New reports indicate that Japan will push a government-endorsed proposal to resume commercial whaling at the upcoming meeting of the International Whaling Commission (IWC). Despite Japan’s repeated violations of the global moratorium, through the “research whaling” program, some in Japan are reportedly pressuring the government to leave the IWC altogether, something the Japanese delegation to the IWC has repeatedly threatened in meetings.
Kyodo News reports that “(o)f the IWC's 88 members, 40 support whaling while the remaining 48 are against the practice, according to Japan's Fisheries Agency.”
The pro-whaling nations include Iceland and Norway, which filed formal objections to the moratorium and therefore, under the IWC rules, are not bound by those rules and can conduct commercial whaling. Much of the catch is sold to Japan, a violation of the Convention on International Trade in Endangered Species (CITES). Japan has also lined up a number of small countries in the Caribbean and Africa that agree to support Japan’s position at the IWC in return for foreign aid and often outright bribery of delegates.
However, IWC procedures require a ¾ vote of the IWC member nations in order to make any changes to the moratorium as well as other major decisions. Japan is apparently proposing lowering this voting requirement to a simply majority, but that would require opening up the entire IWC Convention to revision, which would require unanimous consent by all member nations.
The government of Australia has already announced their opposition to Japan’s proposed squelching of the whaling moratorium, and other pro-whale conservation countries in the European Union and South America are also expected to object.
As this IWC meeting, which now meets every-other year, will be the first meeting at which President Donald Trump fields a team, as usual with this Administration, it is entirely unclear what the Trump IWC delegation will do or not do at the meeting.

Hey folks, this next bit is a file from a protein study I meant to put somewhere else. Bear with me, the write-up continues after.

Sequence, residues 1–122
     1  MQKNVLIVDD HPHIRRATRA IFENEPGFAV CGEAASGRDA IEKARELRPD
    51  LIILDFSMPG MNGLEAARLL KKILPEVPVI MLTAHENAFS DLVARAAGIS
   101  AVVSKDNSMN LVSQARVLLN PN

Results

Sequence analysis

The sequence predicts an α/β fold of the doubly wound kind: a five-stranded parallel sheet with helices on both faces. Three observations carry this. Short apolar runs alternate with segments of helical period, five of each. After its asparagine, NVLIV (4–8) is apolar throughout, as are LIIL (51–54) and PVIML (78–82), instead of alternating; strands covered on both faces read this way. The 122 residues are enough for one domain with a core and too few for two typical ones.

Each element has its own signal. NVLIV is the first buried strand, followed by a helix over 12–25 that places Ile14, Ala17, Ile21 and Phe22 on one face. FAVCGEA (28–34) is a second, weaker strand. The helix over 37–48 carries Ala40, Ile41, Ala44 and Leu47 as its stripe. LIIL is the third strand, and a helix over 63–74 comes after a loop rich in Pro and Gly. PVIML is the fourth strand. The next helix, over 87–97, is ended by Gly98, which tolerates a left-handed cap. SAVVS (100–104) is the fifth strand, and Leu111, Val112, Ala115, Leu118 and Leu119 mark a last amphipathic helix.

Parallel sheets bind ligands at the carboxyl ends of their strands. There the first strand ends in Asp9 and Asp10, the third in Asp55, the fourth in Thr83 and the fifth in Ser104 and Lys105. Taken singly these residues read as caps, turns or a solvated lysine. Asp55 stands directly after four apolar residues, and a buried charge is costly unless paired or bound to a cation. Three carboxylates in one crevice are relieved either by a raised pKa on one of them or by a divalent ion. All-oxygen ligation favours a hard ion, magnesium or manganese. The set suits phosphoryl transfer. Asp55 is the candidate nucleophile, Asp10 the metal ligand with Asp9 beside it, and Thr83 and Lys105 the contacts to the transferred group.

It was recently revealed that Japan’s most recent “research whaling” season in Antarctica, from December 8th, 2017 to Feb. 28th, 2018, filled the Japanese quota of 333 minke whales with 122 pregnant whales. Japan’s research whaling has been deemed a violation of the IWC Convention by the International Law Court in the Hague, which Japan ignores.
Furthermore, whale meat prices in Japan are dropping, down 40% from ten years ago, according to a recent report in Nikkei Newspaper, with whale meat increasingly rejected by Japanese consumers. The sale of whale meat from the “research” whaling scheme is meant to help cover costs, but the Japan taxpayers wind up paying a substantial amount of the annual whaling cruise expenses. Much of the whale meat will be frozen in storage or consigned to pet food, school lunch programs, and jerky, because of the lack of a market.
Japan has also vigorously opposed a proposal by Latin American nations and South Africa to establish a whale sanctuary in the South Atlantic Ocean, barring any whaling. Japan currently also ignores the whale sanctuary established by a ¾ vote of the IWC in Antarctica.
The International Marine Mammal Project of Earth Island Institute is opposed to ending the commercial moratorium and is leading the effort to pressure the Japan government into ending the killing of whales and dolphins before the upcoming 2020 Tokyo Olympics shine a bright media spot-light on Japan’s illegal whaling and dolphin killing activities.